From my lived experience in Sindh, Pakistan, I can say Amen to this fundamental approach to sharing our faith , hope & love in Jesus.
It re-emphasises the greatest gift we can give our tribal people & those we are called & sent to serve is spending time with them… patiently sitting with them…. Visiting , visiting , visiting …
The Tribal Apostolate is crying out for more people to be with, among & for the most forgotten & marginalised & these people will come to know & follow Jesus…
(Mill Hill missionary in tribal apostolate, Pakistan)
Understandably, many of us have come to rely on an impersonal medium like the printed word. But the only way words can have any effect on our lives is if a person is coming across through this medium. When I am preaching, teaching, or writing, I have to try to give myself away; I have to let others encounter me in some real way. That’s the only experience that will make any of my words halfway believable. Jesus gave us words, but more significantly, he gave his “flesh” for the life of the world—in the way he lived and the way he died.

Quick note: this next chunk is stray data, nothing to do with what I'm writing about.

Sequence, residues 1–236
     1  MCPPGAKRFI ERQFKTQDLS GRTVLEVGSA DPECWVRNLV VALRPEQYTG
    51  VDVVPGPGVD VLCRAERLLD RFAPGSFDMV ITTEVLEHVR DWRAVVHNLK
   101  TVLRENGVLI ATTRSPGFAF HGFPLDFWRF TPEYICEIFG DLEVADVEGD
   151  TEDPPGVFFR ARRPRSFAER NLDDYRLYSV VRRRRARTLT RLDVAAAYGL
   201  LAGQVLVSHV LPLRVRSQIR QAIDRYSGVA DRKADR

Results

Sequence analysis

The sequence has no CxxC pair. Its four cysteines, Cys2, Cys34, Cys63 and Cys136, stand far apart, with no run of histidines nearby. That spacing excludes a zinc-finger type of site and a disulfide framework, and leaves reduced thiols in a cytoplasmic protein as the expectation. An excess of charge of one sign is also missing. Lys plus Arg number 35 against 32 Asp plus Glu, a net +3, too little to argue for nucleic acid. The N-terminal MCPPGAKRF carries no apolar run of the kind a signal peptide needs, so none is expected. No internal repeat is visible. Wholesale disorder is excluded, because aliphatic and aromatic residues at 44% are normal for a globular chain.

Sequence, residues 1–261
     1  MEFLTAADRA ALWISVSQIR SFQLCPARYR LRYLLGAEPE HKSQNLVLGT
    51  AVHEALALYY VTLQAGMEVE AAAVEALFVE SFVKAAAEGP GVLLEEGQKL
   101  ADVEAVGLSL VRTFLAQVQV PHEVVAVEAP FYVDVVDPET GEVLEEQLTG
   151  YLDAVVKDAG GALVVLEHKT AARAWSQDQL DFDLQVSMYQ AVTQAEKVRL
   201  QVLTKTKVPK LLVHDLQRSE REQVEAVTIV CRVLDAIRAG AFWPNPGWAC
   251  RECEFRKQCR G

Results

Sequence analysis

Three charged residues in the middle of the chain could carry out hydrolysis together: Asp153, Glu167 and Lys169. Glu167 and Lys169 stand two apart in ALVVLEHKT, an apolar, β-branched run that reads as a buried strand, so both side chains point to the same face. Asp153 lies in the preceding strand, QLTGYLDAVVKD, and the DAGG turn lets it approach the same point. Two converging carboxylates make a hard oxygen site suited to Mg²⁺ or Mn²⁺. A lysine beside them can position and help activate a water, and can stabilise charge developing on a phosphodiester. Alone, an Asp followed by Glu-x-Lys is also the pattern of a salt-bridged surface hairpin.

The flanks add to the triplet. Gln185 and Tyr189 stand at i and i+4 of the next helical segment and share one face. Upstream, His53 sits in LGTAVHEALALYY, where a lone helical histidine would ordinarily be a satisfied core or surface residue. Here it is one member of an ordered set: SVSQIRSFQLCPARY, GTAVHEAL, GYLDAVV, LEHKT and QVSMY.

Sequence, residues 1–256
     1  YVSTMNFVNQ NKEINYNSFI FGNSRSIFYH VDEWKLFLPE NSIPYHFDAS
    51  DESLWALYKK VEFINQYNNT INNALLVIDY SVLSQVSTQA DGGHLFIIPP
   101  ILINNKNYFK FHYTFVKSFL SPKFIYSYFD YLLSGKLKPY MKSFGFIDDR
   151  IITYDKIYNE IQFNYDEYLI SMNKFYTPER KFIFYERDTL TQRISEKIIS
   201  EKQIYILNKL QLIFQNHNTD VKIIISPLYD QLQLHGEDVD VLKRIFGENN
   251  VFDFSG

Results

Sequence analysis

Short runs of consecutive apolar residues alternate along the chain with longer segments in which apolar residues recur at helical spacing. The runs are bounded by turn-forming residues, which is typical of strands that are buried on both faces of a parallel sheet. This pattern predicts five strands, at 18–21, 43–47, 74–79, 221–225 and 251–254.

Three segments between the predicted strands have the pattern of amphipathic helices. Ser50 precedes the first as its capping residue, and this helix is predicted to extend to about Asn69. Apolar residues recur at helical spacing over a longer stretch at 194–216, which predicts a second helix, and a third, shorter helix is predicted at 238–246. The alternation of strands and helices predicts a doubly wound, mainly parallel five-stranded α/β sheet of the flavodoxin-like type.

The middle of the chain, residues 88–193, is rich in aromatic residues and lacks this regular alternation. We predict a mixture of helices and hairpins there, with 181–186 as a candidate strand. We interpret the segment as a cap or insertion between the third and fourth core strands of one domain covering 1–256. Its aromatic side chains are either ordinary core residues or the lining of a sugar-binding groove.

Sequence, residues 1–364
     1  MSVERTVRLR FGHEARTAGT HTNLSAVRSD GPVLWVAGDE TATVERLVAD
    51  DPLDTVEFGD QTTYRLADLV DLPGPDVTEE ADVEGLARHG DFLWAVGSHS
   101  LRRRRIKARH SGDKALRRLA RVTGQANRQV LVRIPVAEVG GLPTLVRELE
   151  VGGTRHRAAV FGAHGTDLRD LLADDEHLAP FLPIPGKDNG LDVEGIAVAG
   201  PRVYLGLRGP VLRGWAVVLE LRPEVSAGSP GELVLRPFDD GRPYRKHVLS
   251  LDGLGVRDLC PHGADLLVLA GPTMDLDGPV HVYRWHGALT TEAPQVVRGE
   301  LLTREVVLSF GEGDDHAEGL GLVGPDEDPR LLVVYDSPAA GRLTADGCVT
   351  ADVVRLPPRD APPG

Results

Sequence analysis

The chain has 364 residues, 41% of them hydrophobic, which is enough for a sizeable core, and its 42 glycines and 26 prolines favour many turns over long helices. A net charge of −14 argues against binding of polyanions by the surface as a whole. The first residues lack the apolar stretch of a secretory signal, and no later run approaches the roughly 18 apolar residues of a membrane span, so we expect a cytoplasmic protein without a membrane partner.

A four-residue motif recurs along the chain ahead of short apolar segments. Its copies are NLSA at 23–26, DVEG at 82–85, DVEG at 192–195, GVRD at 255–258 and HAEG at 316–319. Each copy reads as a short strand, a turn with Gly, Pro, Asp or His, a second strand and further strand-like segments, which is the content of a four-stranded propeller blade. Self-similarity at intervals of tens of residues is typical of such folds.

In Luke’s Gospel, all of Jesus’ rules of ministry—his “tips for the road”—are very interpersonal. They are based on putting people in touch with people. Person-to-person is the way the gospel was originally communicated. Person-in-love-with-person, person-respecting-person, person-forgiving-person, person-touching-person, person-crying-with-person, person-hugging-person: that’s where the Spirit is so beautifully present.
Source: Richard Rohr CAC